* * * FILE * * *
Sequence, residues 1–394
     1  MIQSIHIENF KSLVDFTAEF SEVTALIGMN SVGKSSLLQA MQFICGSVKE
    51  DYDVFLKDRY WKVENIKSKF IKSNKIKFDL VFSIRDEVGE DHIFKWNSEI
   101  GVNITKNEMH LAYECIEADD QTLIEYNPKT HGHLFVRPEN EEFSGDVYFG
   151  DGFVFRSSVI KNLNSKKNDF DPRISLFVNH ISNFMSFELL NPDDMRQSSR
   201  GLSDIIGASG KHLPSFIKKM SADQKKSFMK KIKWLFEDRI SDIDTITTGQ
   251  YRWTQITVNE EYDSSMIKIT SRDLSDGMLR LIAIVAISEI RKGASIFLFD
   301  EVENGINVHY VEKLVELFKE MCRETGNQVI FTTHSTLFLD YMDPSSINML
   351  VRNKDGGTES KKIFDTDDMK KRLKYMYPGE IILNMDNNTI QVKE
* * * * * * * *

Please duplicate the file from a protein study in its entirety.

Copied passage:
Sequence, residues 1–394
     1  MIQSIHIENF KSLVDFTAEF SEVTALIGMN SVGKSSLLQA MQFICGSVKE
    51  DYDVFLKDRY WKVENIKSKF IKSNKIKFDL VFSIRDEVGE DHIFKWNSEI
   101  GVNITKNEMH LAYECIEADD QTLIEYNPKT HGHLFVRPEN EEFSGDVYFG
   151  DGFVFRSSVI KNLNSKKNDF DPRISLFVNH ISNFMSFELL NPDDMRQSSR
   201  GLSDIIGASG KHLPSFIKKM SADQKKSFMK KIKWLFEDRI SDIDTITTGQ
   251  YRWTQITVNE EYDSSMIKIT SRDLSDGMLR LIAIVAISEI RKGASIFLFD
   301  EVENGINVHY VEKLVELFKE MCRETGNQVI FTTHSTLFLD YMDPSSINML
   351  VRNKDGGTES KKIFDTDDMK KRLKYMYPGE IILNMDNNTI QVKE